For years, I’ve recommended that people keep a journal. Not just people in crisis, but everyone. It’s one of the hardest things to motivate somebody to do, and yet once done, everyone tells me that it’s amazingly enlightening and effective.
A journal isn’t a diary. It’s an exercise in reflection, expression and exploration. There’s nothing like putting pen to paper to instill a sense of optimism about your aspirations. Seeing something on paper makes it more real than merely thinking it.
It all comes down to living the examined life. We live in an age of insipid acronyms like LOL and OMG, superficial sound bites, half-baked ideas, televised nonsense and not-fully-thought-out emotions. It’s the mental equivalent of eating only fast food. Everybody’s capable of deeper thinking, and everybody has a need to be reflective. In fact, a lot of the symptoms we’ve labeled as attention deficit disorder, depression, anxiety and substance abuse are the result of not living an examined life.
Consider these sample questions for your journal:
“What emotions do I feel right now?” “What percentage of today did I experience each of the following: anger, sadness, irritation, joy, contentment, anxiety, disappointment, frustration?” “Which people or situations stand out most about today?” “What attitudes did I exhibit today? Was I pessimistic, cautious, gloomy, upbeat, energetic, lethargic? Which of these was I aware of that nobody else was aware of?” “What issues did I resolve today?” “What attitude do I wish to project tomorrow?” “Did I feel like a victim today? Could I have made different choices to feel less like that?” “Would my ideal hero operate like I did today? If not, what would he or she do differently?”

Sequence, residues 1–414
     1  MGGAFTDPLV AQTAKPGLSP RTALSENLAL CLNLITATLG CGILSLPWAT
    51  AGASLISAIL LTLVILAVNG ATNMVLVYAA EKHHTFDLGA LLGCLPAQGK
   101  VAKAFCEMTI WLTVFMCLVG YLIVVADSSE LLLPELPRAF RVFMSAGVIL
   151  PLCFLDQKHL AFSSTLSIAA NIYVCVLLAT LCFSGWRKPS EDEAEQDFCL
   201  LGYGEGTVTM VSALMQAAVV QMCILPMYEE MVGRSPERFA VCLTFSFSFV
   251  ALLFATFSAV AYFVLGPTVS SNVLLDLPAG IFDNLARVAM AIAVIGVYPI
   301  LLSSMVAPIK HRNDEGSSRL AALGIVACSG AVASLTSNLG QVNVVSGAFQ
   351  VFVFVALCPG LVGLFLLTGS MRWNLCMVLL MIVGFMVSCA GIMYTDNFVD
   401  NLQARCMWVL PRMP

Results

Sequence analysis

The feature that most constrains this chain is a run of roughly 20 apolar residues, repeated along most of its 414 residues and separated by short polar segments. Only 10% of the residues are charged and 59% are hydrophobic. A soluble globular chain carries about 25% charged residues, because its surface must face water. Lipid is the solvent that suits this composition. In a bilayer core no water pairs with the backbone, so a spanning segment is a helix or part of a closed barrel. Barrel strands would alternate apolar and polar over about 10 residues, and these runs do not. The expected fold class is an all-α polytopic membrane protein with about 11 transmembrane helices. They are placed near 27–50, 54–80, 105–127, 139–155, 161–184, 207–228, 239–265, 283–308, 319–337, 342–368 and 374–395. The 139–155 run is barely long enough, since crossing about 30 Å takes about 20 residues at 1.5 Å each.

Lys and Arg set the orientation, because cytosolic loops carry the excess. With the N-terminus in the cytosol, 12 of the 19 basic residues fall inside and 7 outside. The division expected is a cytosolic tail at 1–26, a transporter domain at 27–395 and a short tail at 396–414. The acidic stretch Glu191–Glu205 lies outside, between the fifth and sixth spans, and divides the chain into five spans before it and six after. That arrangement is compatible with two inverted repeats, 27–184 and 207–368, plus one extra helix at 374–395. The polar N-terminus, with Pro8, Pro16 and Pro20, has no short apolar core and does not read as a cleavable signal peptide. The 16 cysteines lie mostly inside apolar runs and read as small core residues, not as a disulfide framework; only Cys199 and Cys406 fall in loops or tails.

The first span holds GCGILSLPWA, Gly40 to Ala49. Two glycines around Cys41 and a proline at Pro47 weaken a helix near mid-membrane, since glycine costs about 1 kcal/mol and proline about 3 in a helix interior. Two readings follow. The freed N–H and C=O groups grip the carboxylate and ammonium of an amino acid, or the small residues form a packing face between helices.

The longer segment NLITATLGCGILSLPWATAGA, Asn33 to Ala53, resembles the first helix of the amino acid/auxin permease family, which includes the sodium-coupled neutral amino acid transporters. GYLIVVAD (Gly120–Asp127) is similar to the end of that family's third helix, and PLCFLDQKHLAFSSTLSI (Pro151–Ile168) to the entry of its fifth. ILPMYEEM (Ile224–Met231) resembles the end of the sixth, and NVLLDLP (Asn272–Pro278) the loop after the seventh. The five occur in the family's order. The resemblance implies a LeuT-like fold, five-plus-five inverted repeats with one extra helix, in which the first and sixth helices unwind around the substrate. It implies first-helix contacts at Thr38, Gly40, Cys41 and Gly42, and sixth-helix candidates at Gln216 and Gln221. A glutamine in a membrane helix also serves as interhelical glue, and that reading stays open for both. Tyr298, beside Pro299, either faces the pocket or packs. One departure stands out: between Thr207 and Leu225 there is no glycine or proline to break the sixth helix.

These are only a few examples to get you started. Use your personal experiences to get creative and generate your own approach. Regular readers of this column know that I encourage introspection as a way to solve just about any emotional conflict. To introspect means to live the examined life; to apply focus, thought and awareness to the emotions you’re experiencing. By looking at yourself objectively (i.e., the way you would look at and evaluate at a stranger or an acquaintance), you can correct contradictions in your thinking before they lead to more serious problems.
Contradictions can lurk in the shadows of your emotions, and if you’re not in the habit of looking closely at them, the result can be faulty decision-making and all the turmoil that comes with it. Keeping a regular journal can give you that insight. By writing down your feelings and examining them objectively, you can determine if you’re expecting contradictory things.
I can hear the responses now: “I don’t have the time. It’s not worth the effort.” (People say the same thing about therapy, counseling and self-reflection in general.) Well, at least that’s honest. But think about it from this angle: Do you really have the time for unexplained depression, unexpressed anger and frustration? Are you OK with feeling like a victim and whining about how you “had a bad day?” Slowly and insidiously, these things sap your energy and well-being. Isn’t life too short to put up with all that unnecessary emotional clutter? Don’t you have better things to do?
If I’ve learned anything in my 35+ years of counseling people, it’s that most emotional difficulties can be avoided by prevention. Leading an examined life and keeping tabs on your feelings with a journal can be an effective pre-emptive strike against problems that can make your life less enjoyable than it could be. Give it a try. Why not start now?
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